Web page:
> multiple instance transform, how to make a single MSI drive multiple
> instance transforms, a common pitfall, and a feature request for WiX.
>
> I want a user, when they double-click an MSI file, to by default install a
> new instance.  First, obviously, we will need to define some instance
> transforms:
>
>     <Property Id="MYINSTANCE"
>               Value="DontUseThis"
>               Secure="yes"
>               />
>
>     <InstanceTransforms Property="MYINSTANCE">
>       <Instance ProductCode="444e8aa6-c034-4294-b460-07c2d3262f72"
>                 ProductName="Instance 1"
>                 Id="Instance1"/>
>       <Instance ProductCode="ff0a0580-bc5d-4562-83ec-2edb3511254b"
>                 ProductName="Instance 2"
>                 Id="Instance2"/>
>     </InstanceTransforms>
>
> So far, so good.  What if the new instance ProductName should be driven by
> user selection items?  No problem:
>
>     <CustomAction Id="SetProductName"
>                   Property="ProductName"
>                   Value="[[ProductNamePropertyPrefix][MYINSTANCE]]"
>                   />
>
>     <Property Id="ProductNamePropertyPrefix"
>               Value="ProductName_"
>               />
>
>     <Property Id="ProductName_DefaultInstance"
>               Value="Multiple Instance Transforms - Default instance"
>               />
>
>     <Property Id="ProductName_Instance1"
>               Value="Multiple Instance Transforms - Instance #1"
>               />
>
>     <Property Id="ProductName_Instance2"
>               Value="Multiple Instance Transforms - Instance #2"
>
>     <InstallExecuteSequence>
>       <Custom Action="SetProductName"
>               Before="ValidateProductID"/>
>     </InstallExecuteSequence>
>
> Obviously, use whatever algorithm you want in the SetProductName custom
> action.  You will probably want a different install location, too:
>
>       <Directory Id="INSTALLLOCATION"
> Name="TestMultipleInstanceTransformUi">
>             <Directory Id="InstanceDirectory">
>             </Directory>
>       </Directory>
>
>     <CustomAction Id="SetInstanceDirectory"
>                   Property="InstanceDirectory"
>                   Value="[INSTALLLOCATION][MYINSTANCE]\"/>
>
>     <InstallExecuteSequence>
>       <Custom Action="SetInstanceDirectory"
>                 Before="CostFinalize"><![CDATA[InstanceDirectory =
> ""]]></Custom>
>     </InstallExecuteSequence>
>
> Okay, looking good.  Now, the user can specify MSINEWINSTANCE=1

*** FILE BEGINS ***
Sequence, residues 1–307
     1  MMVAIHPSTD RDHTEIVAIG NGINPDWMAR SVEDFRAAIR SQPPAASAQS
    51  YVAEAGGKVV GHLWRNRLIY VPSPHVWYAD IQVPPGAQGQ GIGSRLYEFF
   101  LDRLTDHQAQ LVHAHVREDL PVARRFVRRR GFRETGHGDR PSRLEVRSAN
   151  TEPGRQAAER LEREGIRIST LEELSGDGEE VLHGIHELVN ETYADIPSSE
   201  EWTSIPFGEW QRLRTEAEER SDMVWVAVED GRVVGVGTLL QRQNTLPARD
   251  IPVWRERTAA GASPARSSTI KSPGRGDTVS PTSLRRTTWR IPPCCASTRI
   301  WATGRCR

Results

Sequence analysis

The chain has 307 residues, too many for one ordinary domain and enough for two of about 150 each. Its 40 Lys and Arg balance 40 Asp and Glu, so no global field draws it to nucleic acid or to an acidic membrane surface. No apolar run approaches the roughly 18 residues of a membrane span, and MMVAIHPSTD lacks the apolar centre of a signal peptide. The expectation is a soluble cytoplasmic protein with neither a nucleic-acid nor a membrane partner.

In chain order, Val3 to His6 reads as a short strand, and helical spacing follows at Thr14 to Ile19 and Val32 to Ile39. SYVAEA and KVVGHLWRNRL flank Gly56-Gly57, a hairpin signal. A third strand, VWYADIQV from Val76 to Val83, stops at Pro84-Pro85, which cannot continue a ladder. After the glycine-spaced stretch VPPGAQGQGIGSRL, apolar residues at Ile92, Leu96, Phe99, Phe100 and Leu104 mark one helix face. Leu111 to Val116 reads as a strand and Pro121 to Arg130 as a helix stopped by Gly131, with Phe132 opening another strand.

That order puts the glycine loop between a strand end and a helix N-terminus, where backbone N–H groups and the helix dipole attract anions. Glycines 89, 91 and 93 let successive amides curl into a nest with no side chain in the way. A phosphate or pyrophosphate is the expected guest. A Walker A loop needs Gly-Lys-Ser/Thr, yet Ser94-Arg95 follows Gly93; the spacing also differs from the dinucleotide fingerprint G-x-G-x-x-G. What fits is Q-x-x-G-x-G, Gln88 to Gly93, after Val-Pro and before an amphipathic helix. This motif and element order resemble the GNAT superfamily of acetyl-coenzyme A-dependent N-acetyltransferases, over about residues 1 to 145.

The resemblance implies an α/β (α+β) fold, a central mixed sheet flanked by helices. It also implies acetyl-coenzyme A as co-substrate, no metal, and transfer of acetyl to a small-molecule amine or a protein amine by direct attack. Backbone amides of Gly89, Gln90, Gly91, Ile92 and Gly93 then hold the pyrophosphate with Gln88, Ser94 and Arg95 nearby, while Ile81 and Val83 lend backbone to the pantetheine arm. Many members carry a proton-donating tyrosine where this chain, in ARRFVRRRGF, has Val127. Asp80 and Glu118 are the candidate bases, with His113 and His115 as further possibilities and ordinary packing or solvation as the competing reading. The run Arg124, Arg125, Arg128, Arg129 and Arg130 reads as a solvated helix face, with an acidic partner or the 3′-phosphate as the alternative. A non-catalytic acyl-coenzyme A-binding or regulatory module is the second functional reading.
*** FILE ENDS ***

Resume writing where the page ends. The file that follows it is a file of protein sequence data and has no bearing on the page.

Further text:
> TRANSFORMS=Instance1 on the msiexec command line to install a new
> instance, right?  But that seems a little in-depth for users to have to
> worry about.  For example, how do they know which instance names are
> available?  How can they reliably choose the next available instance id?
> We can obviously do better.  It turns out that the MSI system works in two
> phases when a UI is presented.  First, the InstallUISequence is executed
> in the user's space.  Second, the InstallExecuteSequence is executed in a
> system process.  The two sequences act completely independently; the
> InstallUISequence's ExecuteAction just passes a set of property names to
> the system msiexec service.  So, we can make our parent process pass in
> the right transform as follows:
>
>     <CustomAction Id="SetTransforms"
>                   Property="TRANSFORMS"
>                   Value="{:[MYINSTANCE];}[TRANSFORMS]"
>                   />
>
>     <CustomAction Id="SetMsiNewInstance"
>                   Property="MSINEWINSTANCE"
>                   Value="1"/>
>
>     <InstallUISequence>
>       <Custom Action="SetTransforms"
>               Before="ExecuteAction"><![CDATA[ACTION =
> "INSTALL"]]></Custom>
>       <Custom Action="SetMsiNewInstance"
>               Before="ExecuteAction"><![CDATA[ACTION =
> "INSTALL"]]></Custom>
>     </InstallUISequence>
>
> Now we need a reliable way of setting MYINSTANCE.  That's pretty simple,
> too.  We make our install register each instance id during the install,
> and look for the first not-yet-registered instance:
>
>     <Property Id="INSTANCE1INSTALLEDPRODUCTCODE">
>       <RegistrySearch Id="LookForInstance1InstalledProductCode"
>                       Key="[InstancesKey]\Instance1"
>                       Name="ProductCode"
>                       Root="HKLM"
>                       Type="raw"/>
>     </Property>
>
>     <Property Id="INSTANCE2INSTALLEDPRODUCTCODE">
>       <RegistrySearch Id="LookForInstance2InstalledProductCode"
>                       Key="[InstancesKey]\Instance2"
>                       Name="ProductCode"
>                       Root="HKLM"
>                       Type="raw"/>
>     </Property>
>
>     <Property Id="InstancesKey"